Due Diligence: The daily life a Christ-follower

We work with greater purpose than ourselves or the next generation. We work unto the eternal glory of an infinite God. Diligence becomes the norm when we see that we work with such a great purpose.

As Thanksgiving and Christmas approach we can quickly allow ourselves to fall into a slump of laziness. God calls us to faithfulness in all areas though. Let’s look at three (of the many) ways why we work towards due diligence and faithfulness to God in our everyday lives and duties.

We work with greater purpose

“So, whether you eat or drink, or whatever you do, do all to the glory of God” (1 Corinthians 10:31).

The glory of God is a big concept. It’s also a big deal, literally, a weighty matter. The word for glory carries an understanding of weight or heaviness. And whatever we do as new creatures by the blood of Christ and power of the Spirit in us is to be done for God’s glory. Or what? What happens if we don’t? The negative aspect of this verse shows that if we don’t do all to the glory of God then we must be doing it for someone else’s glory. That’s a dangerous place. We serve a rightfully jealous God who deserves our diligence. This is a heavy matter. We work with greater purpose than ourselves or the next generation. We work unto the eternal glory of an infinite God. Diligence becomes the norm when we see that we work with such a great purpose.

We work for greatness

“The plans of the diligent lead surely to abundance, but everyone who is hasty comes only to poverty” (Proverbs 21:5).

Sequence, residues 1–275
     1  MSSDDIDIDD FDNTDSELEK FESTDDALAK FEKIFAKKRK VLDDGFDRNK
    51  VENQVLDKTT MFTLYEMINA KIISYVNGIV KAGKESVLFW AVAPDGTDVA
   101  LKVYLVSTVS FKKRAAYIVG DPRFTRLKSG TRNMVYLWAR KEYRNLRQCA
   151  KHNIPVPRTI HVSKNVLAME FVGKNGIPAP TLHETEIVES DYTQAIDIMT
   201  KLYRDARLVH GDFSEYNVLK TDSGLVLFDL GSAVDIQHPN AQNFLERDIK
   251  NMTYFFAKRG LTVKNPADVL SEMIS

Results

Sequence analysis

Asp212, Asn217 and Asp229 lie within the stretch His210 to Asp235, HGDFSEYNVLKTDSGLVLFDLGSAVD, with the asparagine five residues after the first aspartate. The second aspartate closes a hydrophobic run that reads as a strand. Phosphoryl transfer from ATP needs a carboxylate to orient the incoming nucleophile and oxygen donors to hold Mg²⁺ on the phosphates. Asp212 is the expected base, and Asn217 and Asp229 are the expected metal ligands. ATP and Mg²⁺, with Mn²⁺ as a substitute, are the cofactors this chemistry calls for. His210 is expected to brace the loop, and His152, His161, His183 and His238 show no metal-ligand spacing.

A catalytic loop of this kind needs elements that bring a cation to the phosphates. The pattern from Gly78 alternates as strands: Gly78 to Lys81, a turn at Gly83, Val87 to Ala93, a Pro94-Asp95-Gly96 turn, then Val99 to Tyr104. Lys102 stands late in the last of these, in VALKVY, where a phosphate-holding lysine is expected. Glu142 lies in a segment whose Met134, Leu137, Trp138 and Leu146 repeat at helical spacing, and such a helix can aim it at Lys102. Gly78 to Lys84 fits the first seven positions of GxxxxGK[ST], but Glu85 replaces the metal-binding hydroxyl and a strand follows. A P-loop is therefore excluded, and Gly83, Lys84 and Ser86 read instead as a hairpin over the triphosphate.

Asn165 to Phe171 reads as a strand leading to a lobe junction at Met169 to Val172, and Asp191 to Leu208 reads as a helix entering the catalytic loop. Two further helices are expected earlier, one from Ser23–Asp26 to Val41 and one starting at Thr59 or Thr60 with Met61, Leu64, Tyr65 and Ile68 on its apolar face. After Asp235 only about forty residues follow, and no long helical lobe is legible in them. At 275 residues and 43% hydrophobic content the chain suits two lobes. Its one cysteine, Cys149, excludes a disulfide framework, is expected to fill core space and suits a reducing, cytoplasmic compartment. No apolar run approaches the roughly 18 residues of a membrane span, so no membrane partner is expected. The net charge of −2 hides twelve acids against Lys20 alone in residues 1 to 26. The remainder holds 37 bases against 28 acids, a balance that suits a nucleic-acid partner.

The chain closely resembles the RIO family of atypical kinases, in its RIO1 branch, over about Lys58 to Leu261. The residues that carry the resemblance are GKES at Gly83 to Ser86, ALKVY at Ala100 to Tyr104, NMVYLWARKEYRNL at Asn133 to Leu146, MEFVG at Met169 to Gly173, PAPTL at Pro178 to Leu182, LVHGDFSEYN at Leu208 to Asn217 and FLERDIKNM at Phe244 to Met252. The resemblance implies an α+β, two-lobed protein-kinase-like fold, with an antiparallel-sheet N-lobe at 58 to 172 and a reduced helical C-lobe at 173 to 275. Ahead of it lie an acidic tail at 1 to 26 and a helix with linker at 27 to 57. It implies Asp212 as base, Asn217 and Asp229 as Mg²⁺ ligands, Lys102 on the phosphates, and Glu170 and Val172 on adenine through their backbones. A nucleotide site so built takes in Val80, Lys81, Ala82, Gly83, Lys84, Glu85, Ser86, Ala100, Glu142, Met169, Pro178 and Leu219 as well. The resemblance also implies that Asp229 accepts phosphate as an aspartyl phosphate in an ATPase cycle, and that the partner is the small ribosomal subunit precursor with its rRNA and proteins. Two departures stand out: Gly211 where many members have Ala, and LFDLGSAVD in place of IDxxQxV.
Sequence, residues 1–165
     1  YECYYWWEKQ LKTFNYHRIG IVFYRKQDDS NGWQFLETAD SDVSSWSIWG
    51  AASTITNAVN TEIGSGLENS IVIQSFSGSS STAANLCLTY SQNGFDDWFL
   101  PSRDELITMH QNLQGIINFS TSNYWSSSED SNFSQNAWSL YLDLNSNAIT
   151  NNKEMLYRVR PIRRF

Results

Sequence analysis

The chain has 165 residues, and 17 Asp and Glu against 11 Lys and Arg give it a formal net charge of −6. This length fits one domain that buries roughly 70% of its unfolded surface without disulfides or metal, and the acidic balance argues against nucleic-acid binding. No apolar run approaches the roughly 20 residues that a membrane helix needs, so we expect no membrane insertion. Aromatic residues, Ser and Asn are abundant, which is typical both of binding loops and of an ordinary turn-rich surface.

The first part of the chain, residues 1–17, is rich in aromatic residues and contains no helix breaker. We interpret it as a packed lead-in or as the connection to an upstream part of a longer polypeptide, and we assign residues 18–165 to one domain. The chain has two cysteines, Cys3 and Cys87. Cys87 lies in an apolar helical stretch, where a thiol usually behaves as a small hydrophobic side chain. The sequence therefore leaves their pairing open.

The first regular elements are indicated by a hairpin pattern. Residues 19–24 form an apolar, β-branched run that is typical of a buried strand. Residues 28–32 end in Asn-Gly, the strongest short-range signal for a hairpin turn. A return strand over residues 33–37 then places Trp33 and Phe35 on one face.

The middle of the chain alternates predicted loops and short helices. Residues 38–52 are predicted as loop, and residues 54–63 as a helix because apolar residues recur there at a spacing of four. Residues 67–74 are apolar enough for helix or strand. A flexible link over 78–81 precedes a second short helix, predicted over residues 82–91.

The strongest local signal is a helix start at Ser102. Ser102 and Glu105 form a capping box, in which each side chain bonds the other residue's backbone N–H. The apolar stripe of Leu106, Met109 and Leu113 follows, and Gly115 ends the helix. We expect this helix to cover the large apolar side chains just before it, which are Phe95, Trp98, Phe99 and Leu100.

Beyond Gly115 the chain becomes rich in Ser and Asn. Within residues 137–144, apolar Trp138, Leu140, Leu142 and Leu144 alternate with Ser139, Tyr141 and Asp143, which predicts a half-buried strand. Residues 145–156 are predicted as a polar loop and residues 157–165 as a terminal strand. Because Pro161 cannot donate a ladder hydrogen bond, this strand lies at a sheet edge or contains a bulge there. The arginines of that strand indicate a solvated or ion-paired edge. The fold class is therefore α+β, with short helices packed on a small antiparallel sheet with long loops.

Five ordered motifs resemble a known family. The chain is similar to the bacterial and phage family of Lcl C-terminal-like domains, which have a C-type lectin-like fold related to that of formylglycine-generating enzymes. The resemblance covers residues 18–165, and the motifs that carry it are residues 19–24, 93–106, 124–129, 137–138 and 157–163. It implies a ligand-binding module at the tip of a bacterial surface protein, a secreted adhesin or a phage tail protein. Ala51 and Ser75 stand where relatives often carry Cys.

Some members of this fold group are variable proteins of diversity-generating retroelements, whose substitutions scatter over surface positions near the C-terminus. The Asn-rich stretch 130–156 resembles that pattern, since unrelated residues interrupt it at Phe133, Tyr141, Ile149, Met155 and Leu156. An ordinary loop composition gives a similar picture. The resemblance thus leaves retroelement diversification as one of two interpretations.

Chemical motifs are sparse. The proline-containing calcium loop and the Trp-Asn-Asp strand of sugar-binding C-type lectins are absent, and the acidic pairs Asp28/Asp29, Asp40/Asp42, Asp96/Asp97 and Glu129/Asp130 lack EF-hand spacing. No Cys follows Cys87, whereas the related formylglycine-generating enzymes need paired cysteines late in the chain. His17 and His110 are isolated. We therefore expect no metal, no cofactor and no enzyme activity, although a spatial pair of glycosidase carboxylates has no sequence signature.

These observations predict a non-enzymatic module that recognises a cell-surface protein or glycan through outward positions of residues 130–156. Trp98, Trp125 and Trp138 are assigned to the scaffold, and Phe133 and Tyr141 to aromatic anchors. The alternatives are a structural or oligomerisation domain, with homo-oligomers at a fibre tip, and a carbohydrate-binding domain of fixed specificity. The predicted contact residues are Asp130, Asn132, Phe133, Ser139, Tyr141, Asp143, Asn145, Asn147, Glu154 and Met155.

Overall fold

Our work is not for a small end. Faithfulness is considered a work of God. The world is even often impressed and supportive of the diligent person. But a hasty person tends to shun people and complete diligence in trying to finish the task. We are not called to that tendency.  A devotional said it like this, “Be as diligent and hard-working as your health will permit, but never become so consumed by activity that you are unable to accomplish your goals. Avoid idleness, be active, but avoid over-committing yourself.”

We work for completeness

“Therefore, beloved, since you are waiting for these, be diligent to be found by Him without spot or blemish, and at peace” (2 Peter 3:14).

Above I used the phrase “complete diligence.” It probably sounds strange, doesn’t it? But the biblical command of finishing well and accomplishing proper goals is not just a side note. God tells us to finish this Christian race we call life well (Hebrews 12). Lay aside the stuff that holds us back like sin. Undefiled Christians most clearly reflect Christ because they lean most completely on Him. Is your reliance on you or on Christ in your daily life? Our work is aimed to be completed and completed well.

James Hammack

James Hammack is a regular contributor to The Scroll. He also is digital services manager for The Alabama Baptist/TAB Media. He also serves as worship pastor at Sovereign Grace Church, Prattville. He and his wife, Alicia, have three children.

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